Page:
Cause No. 49T10-9801-TA-00006.
November 10, 1998.
On appeal from final determinations of the State Board of Tax Commissioners.
Deborah Kay Ferguson, Greenwood, Indiana, Indianapolis, Indiana, Petitioner Appearing Pro Se.
Jeffrey A. Modisett, Attorney General of Indiana, Vincent S. Mirkov, Deputy Attorney General, Indianapolis, Indiana, Attorneys for Respondent.
Deborah Kay Ferguson appeals two final determinations of the State Board of Tax Commissioners (State Board) fixing the assessed value of property she owns as of March 1, 1994 and March 1, 1995. Ferguson challenges the legitimacy of the property tax system and seeks a refund of property taxes that she paid for the 1994 through 1996 tax years.
FACTS AND PROCEDURAL HISTORY
Ferguson owns real property in Trafalgar, Indiana. This property was assessed by local assessing officials at $18,930 for the 1994 tax year and at $19,400 for the 1995 and 1996 tax years. On February 24, 1997, Ferguson filed two Form 133 Petitions for Correction of an Error with the Johnson County Auditor. In these petitions, Ferguson alleged that the property tax system was unconstitutional and sought a refund for the property taxes she paid for the 1994 through 1996 tax years.
The change in the assessed value of Ferguson's property was due to the 1995 state-wide general reassessment. See Ind. Code § 6-1.1-4-4 (West Supp. 1998).
At that time, Ferguson was named Deborah Kay Reeder.
Ferguson did not file a Form 17T, which is a prerequisite to receiving a refund. See Ind. Code Ann. § 6-1.1-26-1(3) (West 1989); Ind. Admin. Code Tit. 50, r. 4.2-3-14(a) (1996). Neither the State Board's final determination, nor its pleadings in this Court make any reference to Ferguson's failure to file the proper form. Therefore, Ferguson's refund claim will not be rejected on this basis.
On February 25, 1997, the Johnson County Auditor, Assessor, and Treasurer unanimously rejected the Form 133 petitions. See Ind. Code Ann. § 6-1.1-15-12(d) (West Supp. 1995) (amended 1997). The petitions were then forwarded to the State Board. See id.; Barth, Inc. v. State Bd. of Tax Comm'rs, 699 N.E.2d 800, 801 (Ind.Tax Ct. 1998). The State Board held a hearing on the petitions, and on November 26, 1997, the State Board issued two final determinations rejecting Ferguson's claims. Ferguson then filed this original tax appeal on January 9, 1998. The parties tried this cause on August 10, 1998, and the Court now issues its decision.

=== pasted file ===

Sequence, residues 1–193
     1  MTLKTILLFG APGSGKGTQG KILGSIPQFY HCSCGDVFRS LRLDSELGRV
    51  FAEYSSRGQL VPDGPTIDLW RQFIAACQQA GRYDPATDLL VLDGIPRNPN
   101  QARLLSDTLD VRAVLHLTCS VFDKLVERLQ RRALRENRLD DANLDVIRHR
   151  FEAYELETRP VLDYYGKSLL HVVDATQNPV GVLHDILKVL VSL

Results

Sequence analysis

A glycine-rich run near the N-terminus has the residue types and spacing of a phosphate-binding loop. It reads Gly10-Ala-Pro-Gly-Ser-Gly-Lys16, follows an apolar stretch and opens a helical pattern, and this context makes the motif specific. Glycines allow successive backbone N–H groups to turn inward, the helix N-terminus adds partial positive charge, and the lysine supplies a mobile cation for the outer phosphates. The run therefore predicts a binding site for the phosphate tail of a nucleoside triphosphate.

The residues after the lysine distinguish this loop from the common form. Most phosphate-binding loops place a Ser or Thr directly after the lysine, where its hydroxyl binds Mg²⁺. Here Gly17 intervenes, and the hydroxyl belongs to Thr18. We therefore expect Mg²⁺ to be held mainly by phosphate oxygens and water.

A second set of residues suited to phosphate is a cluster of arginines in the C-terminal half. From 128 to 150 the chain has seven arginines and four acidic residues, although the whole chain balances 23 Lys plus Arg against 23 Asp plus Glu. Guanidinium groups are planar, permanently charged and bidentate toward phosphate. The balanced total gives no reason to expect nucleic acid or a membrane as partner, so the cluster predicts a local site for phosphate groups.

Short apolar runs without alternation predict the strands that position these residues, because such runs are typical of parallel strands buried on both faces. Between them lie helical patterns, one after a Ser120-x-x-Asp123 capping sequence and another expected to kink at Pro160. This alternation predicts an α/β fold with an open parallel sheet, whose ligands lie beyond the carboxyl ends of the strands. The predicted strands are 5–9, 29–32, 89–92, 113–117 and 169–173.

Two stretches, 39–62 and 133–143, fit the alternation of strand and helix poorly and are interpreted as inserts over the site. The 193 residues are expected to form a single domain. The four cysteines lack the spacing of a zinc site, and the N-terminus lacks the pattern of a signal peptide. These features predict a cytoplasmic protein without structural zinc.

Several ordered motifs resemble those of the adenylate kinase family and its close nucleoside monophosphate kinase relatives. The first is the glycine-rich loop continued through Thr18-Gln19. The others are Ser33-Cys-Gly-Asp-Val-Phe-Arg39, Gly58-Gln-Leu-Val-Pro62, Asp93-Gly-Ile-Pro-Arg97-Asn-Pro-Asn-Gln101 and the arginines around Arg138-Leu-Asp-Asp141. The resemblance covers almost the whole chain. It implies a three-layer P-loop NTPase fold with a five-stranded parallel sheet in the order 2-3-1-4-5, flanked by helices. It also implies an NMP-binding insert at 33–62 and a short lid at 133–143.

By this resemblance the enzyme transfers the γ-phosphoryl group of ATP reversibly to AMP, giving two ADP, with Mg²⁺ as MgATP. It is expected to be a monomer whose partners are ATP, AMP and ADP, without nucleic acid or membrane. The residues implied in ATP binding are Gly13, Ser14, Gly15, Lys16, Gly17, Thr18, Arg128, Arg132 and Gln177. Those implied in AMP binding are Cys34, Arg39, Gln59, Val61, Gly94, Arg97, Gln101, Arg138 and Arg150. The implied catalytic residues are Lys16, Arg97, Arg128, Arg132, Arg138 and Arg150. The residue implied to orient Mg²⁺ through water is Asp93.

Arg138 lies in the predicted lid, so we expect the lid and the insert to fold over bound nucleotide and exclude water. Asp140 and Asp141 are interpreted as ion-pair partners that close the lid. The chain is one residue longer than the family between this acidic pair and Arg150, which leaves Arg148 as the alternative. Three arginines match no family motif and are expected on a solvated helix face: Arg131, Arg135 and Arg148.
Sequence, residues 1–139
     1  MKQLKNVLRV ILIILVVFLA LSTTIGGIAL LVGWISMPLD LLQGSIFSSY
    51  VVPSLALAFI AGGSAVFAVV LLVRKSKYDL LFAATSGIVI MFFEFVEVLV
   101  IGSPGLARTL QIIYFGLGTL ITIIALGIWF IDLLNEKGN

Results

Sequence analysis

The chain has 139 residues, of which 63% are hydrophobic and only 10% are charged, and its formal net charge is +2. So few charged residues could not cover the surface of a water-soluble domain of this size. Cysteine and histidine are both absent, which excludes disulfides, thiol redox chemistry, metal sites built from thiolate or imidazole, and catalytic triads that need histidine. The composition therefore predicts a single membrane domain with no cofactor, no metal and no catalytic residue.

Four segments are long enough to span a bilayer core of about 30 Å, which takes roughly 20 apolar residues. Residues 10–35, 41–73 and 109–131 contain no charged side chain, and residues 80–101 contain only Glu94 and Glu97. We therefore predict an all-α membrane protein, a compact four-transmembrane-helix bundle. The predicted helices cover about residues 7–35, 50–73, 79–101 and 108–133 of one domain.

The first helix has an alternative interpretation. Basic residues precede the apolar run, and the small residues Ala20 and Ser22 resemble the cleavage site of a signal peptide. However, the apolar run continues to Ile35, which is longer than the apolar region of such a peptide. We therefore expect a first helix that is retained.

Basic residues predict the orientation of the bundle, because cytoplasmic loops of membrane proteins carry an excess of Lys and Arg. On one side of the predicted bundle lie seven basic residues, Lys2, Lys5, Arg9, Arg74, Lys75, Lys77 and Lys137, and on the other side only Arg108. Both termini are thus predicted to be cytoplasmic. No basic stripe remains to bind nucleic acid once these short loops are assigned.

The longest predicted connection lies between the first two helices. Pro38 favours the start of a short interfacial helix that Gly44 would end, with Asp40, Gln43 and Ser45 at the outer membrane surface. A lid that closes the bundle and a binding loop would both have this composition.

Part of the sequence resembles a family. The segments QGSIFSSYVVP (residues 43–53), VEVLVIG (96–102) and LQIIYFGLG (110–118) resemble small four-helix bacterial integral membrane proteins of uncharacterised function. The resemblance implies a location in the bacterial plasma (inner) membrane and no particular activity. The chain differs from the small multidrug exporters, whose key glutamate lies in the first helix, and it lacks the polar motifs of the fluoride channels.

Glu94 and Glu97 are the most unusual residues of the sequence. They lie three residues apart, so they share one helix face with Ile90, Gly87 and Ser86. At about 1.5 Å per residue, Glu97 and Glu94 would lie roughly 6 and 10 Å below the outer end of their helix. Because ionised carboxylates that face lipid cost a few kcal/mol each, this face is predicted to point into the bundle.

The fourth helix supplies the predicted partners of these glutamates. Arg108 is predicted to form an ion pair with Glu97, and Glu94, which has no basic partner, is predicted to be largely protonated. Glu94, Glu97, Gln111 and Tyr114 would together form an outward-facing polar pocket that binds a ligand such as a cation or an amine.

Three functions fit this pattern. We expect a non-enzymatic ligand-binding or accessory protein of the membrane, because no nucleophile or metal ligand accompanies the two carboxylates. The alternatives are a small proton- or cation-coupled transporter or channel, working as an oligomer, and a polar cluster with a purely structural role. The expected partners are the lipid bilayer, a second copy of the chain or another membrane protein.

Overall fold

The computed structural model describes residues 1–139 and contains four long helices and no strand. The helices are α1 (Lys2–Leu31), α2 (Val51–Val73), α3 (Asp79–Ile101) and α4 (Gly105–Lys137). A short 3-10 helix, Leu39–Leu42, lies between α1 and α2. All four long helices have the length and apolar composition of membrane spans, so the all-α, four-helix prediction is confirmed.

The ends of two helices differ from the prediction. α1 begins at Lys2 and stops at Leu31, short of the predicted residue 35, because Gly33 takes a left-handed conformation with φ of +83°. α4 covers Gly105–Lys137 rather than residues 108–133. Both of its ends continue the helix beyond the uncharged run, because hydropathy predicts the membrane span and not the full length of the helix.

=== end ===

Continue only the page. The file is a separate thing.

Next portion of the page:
ANALYSIS AND OPINION Standard of Review
The State Board is given great deference when it acts within the scope of its authority. Accordingly, this Court will only reverse a final determination of the State Board when that determination is unsupported by substantial evidence, is arbitrary or capricious, constitutes an abuse of discretion, or exceeds statutory authority. See Clark v. State Bd. of Tax Comm'rs, 694 N.E.2d 1230, 1234 (Ind.Tax Ct. 1998).
Ferguson challenges the authority of the state to collect property tax under an allegedly invalid property tax system. In her view, the fact that Indiana's present property tax system has been declared unconstitutional, see Town of St. John v. State Bd. of Tax Comm'rs, 690 N.E.2d 370 (Ind.Tax Ct. 1997), review granted, 695 N.E.2d 123 (Ind. 1998), renders the state powerless to collect property taxes. Ferguson also considers the property tax itself contrary to the "Organic Laws of the Land," to article I, section 10 of the U.S. Constitution, and contrary to several federal statutory provisions. (Petr's Complaint at 2). These alleged infirmities, in Ferguson's view, independently render the state powerless to collect property tax. For all of these reasons, Ferguson believes that she is entitled to a refund because "[t]he taxes, as a matter of law, were illegal." Ind. Code Ann. § 6-1.1-26-1(4)(ii) (West 1989).